AFCB’s resident football economist Aaron Gordon investigates the positive impact that UEFA’s new financial rules will have on the club…
Our fearless leader Arsene Wenger recently told the News of the World that he believes the new UEFA financial rules will aid Arsenal in the Champions League. For those who forgot or are unaware, UEFA has approved plans that would require clubs in European competition to have even balance sheets. Basically, if teams wanted to compete in UEFA tournaments, they would only be able to spend what they make. It has been dubbed the “financial fair play rule.”
As I wrote last week, Arsenal has been one of the most fiscally responsible high revenue clubs in Europe over the past decade. The front office has been working steadily towards climbing out of debt, which is very difficult to do in a timely fashion after financing a brand new stadium. They have managed to come very close to being debt-free by investing in real estate projects in and around Highbury (this project requires a post of its own due to its complexity, which I hope to do in the near future). Still, Arsenal’s group profit has been rising steadily since 2006, and had an after-tax profit of 35.2 million pounds in 2009.
Now that I have gone through the unbelievably dull financial information few people probably care about, your question might be, “What in the name of Cesc does this have to do with trophies?” Well, that is precisely why Wenger’s comments mentioned above are worth paying attention to. Managers are paid for two things: winning football games, and saying nice things about their team and management to the press. If they fail to do either, a sacking is inevitable. But, this is a case where Wenger was not just doing his duty to the club; he actually has a valid point.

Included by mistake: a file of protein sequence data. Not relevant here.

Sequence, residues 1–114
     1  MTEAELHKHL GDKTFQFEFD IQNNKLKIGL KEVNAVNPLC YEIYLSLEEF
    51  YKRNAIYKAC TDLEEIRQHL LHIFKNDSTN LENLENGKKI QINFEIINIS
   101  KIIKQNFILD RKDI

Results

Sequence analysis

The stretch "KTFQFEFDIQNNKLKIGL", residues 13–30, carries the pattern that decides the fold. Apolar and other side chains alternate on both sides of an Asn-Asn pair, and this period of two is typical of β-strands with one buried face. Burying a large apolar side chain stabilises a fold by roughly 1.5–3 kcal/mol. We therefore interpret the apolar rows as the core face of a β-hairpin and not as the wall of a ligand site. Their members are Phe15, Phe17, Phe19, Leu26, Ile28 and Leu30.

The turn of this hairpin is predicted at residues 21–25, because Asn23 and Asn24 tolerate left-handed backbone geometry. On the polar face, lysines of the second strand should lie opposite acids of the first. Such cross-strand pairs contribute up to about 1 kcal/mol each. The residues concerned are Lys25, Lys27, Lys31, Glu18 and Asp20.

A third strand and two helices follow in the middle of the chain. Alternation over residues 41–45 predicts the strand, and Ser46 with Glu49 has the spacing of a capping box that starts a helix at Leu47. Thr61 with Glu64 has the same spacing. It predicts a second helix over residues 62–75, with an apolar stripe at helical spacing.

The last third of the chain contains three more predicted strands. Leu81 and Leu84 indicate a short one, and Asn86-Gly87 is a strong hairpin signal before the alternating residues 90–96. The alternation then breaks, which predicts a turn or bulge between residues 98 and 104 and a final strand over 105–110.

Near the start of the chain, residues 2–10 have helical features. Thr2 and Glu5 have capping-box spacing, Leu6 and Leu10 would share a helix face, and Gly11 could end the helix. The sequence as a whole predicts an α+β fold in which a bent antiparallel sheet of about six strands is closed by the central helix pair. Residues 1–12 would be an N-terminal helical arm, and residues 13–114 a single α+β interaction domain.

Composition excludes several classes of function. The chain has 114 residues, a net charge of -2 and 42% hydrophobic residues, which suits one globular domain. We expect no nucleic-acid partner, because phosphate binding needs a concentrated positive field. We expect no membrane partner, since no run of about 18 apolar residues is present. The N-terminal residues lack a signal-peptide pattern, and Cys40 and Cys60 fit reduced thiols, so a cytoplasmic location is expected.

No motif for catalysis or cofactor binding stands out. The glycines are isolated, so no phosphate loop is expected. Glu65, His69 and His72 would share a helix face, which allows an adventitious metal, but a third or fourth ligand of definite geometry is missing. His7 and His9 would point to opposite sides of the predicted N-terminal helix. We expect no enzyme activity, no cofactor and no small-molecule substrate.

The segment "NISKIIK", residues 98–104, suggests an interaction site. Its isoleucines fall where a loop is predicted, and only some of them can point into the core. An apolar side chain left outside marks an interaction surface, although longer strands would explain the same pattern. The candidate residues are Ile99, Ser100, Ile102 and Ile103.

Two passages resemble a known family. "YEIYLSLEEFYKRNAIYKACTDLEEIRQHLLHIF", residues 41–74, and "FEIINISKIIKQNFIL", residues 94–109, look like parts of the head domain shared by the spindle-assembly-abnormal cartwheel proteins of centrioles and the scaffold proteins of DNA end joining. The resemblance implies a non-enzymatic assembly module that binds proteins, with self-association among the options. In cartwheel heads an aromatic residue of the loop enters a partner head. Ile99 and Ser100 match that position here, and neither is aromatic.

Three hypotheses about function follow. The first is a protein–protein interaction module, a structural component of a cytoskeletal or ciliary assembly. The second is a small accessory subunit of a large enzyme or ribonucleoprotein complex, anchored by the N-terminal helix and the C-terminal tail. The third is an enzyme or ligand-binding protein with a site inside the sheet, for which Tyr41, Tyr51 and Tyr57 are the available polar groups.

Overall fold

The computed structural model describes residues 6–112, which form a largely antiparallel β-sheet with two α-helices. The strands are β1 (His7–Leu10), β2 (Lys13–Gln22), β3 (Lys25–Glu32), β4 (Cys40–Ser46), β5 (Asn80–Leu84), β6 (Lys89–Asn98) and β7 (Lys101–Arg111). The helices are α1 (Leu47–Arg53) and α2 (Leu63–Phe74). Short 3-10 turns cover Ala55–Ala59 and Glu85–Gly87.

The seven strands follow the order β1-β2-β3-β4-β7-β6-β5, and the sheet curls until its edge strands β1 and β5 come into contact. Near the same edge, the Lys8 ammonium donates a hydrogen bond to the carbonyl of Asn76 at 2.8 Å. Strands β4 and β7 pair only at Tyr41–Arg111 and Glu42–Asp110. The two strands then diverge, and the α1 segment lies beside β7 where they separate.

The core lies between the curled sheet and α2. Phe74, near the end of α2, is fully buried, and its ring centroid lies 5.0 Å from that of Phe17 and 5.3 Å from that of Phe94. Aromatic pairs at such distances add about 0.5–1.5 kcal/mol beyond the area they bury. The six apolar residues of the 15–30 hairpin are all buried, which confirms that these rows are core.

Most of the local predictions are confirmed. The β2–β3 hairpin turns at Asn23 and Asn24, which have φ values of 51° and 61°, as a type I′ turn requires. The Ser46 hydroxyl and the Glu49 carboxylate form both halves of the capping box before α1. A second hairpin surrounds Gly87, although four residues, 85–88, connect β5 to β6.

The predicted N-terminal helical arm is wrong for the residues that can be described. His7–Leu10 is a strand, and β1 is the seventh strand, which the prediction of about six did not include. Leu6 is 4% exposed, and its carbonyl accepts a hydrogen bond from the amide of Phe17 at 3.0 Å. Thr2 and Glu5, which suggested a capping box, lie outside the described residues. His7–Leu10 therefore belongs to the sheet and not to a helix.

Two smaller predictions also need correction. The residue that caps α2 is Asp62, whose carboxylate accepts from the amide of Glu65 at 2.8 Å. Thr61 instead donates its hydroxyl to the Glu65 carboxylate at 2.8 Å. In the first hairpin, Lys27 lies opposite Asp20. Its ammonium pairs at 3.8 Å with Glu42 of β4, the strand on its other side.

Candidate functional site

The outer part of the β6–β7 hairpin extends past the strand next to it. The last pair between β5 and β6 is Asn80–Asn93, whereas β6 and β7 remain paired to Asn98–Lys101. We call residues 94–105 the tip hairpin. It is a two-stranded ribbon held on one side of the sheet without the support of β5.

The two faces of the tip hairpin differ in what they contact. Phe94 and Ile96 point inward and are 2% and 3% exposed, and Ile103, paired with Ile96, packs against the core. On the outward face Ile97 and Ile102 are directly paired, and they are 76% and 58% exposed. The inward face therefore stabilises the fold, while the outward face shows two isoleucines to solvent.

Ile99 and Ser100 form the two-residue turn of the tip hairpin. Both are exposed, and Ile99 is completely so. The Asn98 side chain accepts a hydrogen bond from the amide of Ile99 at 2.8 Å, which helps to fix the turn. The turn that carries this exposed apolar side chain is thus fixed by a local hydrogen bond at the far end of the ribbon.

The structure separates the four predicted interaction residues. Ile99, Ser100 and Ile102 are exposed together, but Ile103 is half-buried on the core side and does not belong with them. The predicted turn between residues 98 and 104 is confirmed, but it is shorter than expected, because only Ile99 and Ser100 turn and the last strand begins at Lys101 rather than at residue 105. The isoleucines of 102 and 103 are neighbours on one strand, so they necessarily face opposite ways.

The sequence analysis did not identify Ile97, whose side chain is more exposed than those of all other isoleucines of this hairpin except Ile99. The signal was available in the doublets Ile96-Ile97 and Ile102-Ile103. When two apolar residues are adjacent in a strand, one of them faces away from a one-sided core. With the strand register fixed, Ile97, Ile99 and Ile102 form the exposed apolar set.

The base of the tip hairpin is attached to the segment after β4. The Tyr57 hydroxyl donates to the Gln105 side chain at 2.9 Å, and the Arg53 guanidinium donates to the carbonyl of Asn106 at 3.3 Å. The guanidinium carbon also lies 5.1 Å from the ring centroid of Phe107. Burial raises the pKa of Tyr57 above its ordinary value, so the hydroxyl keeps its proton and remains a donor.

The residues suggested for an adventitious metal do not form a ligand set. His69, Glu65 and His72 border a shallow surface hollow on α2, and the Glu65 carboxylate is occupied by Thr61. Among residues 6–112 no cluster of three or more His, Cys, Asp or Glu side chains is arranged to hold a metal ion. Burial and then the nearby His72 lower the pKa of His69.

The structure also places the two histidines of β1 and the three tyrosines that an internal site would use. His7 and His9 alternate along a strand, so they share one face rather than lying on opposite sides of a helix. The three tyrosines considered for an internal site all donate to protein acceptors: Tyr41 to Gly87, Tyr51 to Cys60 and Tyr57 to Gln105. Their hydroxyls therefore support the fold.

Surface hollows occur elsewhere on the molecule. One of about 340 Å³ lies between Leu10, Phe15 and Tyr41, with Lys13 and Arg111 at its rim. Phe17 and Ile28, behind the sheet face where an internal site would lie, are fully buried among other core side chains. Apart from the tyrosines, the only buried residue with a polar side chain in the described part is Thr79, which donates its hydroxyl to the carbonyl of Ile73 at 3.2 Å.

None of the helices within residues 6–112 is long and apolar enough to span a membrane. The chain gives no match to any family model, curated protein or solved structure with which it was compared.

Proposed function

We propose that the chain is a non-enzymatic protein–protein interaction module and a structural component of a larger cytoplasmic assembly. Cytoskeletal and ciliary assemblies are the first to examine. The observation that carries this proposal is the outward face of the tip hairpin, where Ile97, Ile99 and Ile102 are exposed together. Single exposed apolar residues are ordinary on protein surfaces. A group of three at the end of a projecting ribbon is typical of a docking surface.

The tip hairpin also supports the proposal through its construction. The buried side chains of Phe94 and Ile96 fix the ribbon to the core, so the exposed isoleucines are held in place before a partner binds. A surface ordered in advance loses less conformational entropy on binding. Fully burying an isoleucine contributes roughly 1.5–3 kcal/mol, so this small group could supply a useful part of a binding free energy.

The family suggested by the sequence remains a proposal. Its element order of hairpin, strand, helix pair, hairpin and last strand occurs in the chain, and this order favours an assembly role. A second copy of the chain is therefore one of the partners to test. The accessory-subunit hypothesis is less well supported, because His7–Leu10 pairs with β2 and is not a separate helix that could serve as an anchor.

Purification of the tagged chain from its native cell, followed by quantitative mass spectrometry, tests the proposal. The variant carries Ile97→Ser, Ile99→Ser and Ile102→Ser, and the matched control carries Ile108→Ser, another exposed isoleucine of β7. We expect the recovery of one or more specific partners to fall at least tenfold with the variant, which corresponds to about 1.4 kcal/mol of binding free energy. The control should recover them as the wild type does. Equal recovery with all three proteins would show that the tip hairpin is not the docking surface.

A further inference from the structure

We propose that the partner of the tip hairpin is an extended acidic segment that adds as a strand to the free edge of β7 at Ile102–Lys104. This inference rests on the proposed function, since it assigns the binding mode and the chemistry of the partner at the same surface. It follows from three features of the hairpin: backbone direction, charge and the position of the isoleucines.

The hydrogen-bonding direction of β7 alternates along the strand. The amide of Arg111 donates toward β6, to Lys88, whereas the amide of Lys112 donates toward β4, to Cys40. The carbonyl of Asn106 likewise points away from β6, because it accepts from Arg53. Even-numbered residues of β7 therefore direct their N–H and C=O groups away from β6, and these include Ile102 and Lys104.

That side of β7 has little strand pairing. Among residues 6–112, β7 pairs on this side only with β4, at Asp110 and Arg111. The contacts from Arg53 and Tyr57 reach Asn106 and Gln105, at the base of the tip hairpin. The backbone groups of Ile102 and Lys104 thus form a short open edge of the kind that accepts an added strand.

20 percent of clubs across Europe operate at what is considered “huge loss” annually. To qualify for a “huge loss”, a club must lose more than 20 percent of their revenue. Likewise, many clubs operate at tremendous debt **cough Man U cough** and their interest payments alone will prevent them from being eligible for UEFA tournaments by 2012-2013 if they do not get costs under control.
2012 sounds like it is far away. Indeed, if the world ends in 2012 like those pesky Mayans keep insisting, then clubs like Chelsea and Man City have nothing to worry about, except for their impending doom and the death of everything they know and love, which are minor quibbles compared to their financial situation. This is the foundation of Wenger’s confidence. Not only do the Gunners have the longest streak of advancing beyond group play in the Champions League, but they have also managed to accomplish this feat without having balance sheets with their own gravitational pull.
For sure, the lack of trophies has been very disconcerting. As one commenter on my last article said, “No other club in the premier league would be in the position we’re still in after building a new stadium. It would have been nice to be winning trophies at the same time, but people who have their cake an[d] eat it normally face the consequences afterwards.” This may not have been true in the past, with Chelsea, Manchester United and Barcelona bringing home major hardware along with their major financial hardships, but the tide seems to be turning in Arsenal’s favor.
Indeed, fiscal responsibility is going to be the name of the game over the next decade, as much so as crisp passing and ball control.
Have your say on Aaron’s article by leaving a comment.